I have also maintained that his willingness to abandon, or not to accept, first principles has made these questions reasonable: If Romney is elected president, which Romney will show up for...
His comments drew truths from multiple places, but as a whole, they are wrong. You've got something like 40% of voters that are devoted to the Democrats, that won't consider a Republican. You've got 47% of Americans that don't pay income taxes, so lowering taxes doesn't affect them the same way it does others. Lastly, you have an entitlement class that will resist any change that takes government subsidies out of their pocket. There's some crossover between the groups, but they are not a single group. Some conservatives make up that 47% that take care of themselves and would prefer to reduce the welfare state.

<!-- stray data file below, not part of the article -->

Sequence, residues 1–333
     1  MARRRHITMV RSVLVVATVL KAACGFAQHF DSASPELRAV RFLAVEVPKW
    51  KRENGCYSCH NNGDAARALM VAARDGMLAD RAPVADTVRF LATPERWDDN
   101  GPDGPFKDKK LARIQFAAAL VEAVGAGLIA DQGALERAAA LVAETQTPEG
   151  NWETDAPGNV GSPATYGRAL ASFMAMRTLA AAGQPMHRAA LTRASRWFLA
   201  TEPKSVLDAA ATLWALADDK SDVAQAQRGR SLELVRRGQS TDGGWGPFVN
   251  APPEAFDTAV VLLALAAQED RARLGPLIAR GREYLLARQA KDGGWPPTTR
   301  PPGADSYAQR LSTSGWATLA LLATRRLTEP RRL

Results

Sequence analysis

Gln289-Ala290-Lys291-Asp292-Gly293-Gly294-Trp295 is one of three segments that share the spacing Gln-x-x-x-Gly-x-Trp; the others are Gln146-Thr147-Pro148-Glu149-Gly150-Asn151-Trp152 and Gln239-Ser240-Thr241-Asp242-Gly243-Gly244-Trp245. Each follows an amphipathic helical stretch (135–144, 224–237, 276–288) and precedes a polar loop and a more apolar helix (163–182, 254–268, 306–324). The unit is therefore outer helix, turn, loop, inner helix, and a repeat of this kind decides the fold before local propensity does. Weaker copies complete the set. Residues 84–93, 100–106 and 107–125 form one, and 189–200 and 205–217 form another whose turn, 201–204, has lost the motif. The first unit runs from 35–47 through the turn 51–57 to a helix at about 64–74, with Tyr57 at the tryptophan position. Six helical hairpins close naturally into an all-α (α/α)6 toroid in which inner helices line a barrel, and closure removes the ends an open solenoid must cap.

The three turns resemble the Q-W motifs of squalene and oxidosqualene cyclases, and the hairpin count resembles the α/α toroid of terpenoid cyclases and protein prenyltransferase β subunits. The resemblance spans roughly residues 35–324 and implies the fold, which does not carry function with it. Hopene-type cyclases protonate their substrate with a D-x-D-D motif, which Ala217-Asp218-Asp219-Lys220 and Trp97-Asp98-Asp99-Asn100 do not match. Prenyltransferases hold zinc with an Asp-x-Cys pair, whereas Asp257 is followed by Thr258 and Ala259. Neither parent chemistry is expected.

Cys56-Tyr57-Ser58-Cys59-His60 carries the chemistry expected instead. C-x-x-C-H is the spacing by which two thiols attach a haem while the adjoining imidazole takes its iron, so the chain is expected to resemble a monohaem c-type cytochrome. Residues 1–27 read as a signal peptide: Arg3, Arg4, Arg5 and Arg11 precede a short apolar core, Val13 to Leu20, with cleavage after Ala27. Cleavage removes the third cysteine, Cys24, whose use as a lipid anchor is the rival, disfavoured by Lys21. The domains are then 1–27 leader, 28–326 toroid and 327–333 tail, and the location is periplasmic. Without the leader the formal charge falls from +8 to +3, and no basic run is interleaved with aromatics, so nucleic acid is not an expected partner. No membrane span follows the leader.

As readers of this column and viewers of Fox News Channel may know, I have not hesitated to criticize Gov. Mitt Romney's presidential campaign and the governor himself. I have argued that his message is muddled and his values are unknown beyond his ardent wish to improve economic conditions through the use of free market mechanisms rather than central economic planning, a position with which I agree entirely.
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